Retirement plans involve more than money matters

PERSONAL FINANCE

July 07, 2002|By EILEEN AMBROSE

WORKERS plan for retirement by saving money for decades. Too often, retirement experts say, they don't give enough thought to how they will spend the last years of their lives.

"We tend to view retirement as a no-brainer. We look forward to it. We'll get there and love it," said Clare Hushbeck, an economist with AARP. "We know from anecdotes where it isn't always so easy to structure your time, arrange for social contact, all the things that you got used to in the work day."

Often people discover a year or so into retirement that hitting the links daily is boring and traveling is tiring. Executives miss the deference once shown by underlings now that they are merely among other retirees.

"I don't think people realize that retirement is not really a day or an event; it can be as much as a third of your life. To know what's in store for you for that huge piece of your life is really important," said Amy Noel, a financial planner in Boulder, Colo.

That's why the Financial Planning Association, a membership group for financial advisers, recommends rehearsing retirement about five years before you stop working.

For instance, if golfing daily is your ideal retirement, play golf nonstop on a two-week vacation to see if it's fulfilling, the group suggests. Or take as much time off work as you can and go on a trip via recreational vehicle and find out if living on the road lives up to expectations. Rehearse, too, living on a reduced income and spending time around the clock with your spouse at home.

Leonard and Verbraunia Rhodes didn't rehearse their retirement but agree doing so could be helpful because leaving the work force is a jolt.

"Something you have gone to day after day after day is over with," said Verbraunia Rhodes, 62, who, after working 43 years, retired in January from her job as an editor of medical books.

Leonard Rhodes, a former regional file clerk for Amtrak, was forced to retire 18 years ago at age 49 because of his failing eyesight, just as the couple's second daughter was about to enter college.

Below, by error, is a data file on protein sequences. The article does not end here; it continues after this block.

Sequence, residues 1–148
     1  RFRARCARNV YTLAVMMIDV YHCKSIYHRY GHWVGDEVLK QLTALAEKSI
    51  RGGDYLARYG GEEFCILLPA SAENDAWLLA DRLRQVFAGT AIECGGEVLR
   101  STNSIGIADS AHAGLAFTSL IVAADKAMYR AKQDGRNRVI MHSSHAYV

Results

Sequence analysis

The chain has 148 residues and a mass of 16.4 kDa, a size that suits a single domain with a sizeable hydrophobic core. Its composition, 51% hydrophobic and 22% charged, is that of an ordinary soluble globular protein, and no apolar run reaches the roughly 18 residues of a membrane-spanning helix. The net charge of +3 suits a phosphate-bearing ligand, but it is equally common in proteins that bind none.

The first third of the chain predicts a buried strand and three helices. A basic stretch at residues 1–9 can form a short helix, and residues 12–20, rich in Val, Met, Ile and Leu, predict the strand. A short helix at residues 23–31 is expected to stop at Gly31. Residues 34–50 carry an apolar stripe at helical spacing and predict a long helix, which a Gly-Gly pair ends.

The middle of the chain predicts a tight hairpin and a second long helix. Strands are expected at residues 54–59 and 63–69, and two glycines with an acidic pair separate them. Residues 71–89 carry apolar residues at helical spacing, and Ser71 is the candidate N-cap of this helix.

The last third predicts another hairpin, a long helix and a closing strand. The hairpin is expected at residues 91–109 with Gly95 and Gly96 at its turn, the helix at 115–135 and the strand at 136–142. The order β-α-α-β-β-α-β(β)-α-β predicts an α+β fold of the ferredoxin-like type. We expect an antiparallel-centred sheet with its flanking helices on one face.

"I wasn't ready to retire financially, or emotionally, or anything else," the 67-year-old said.

"For years, I couldn't find anything to do. It was hard. Because my wife had to work, the kids were in school, I was by myself all the time. I just sat around. And I was too young to go to a senior center. They wouldn't take me.

"You feel like you're dead a little bit," he added. Co-workers "gave me a wonderful party and said, `Please come back.' When you go back, they're kind, but they're not kind. They have something to do, and you don't. I did miss work. I truly did."

He is happily retired now, thanks largely to the discovery of the Renaissance Institute at the College of Notre Dame, where he and his wife take classes. "It really has changed my life," he said. "It got me interested in things. Like poetry. I never thought I would like it."

It's impossible to simulate retirement exactly, but rehearsing some aspects might produce better decisions, experts said. Among the situations to practice:

Togetherness. Maybe each spouse works or one stays home, but in retirement both will be puttering around the house, and that requires a big adjustment. See how you adapt by taking a week's vacation at home together without making plans, suggested the financial planning group.

Noel said her aunt, a stay-at-home mother, got a job as a store greeter to get some time on her own after her husband retired.

The Rhodeses, too, see the need for time apart. Both attend the same school but usually take different classes. Verbraunia Rhodes also joined a women's club, and her husband visits a senior center twice a week.

"It gives us air space. You need it no matter how much you care about someone," Leonard Rhodes said. "It gives you time to think things over by yourself and gives you time to do what you want to do. It's not that there is something wrong."

Location. Steven Landis, a financial planner in Worthington, Ohio, recalls a couple who, upon retirement, sold their home and bought a condo in Florida, where they had spent winter vacations. They soon discovered that along with pleasant winters came hot, humid summers, and wound up returning to Ohio about a year later and buying another home, he said.

Landis said new retirees looking to move should rent out their current homes for a year while they lease a residence where they think they want to live. "It's a temporary inconvenience. You're a long-distance landlord for a year, but you didn't cut the strings," he said.

Workers should also check the cost of living, including taxes, in the place they plan to move to. Learn about new locations, too, by subscribing to the local newspaper, Noel said.

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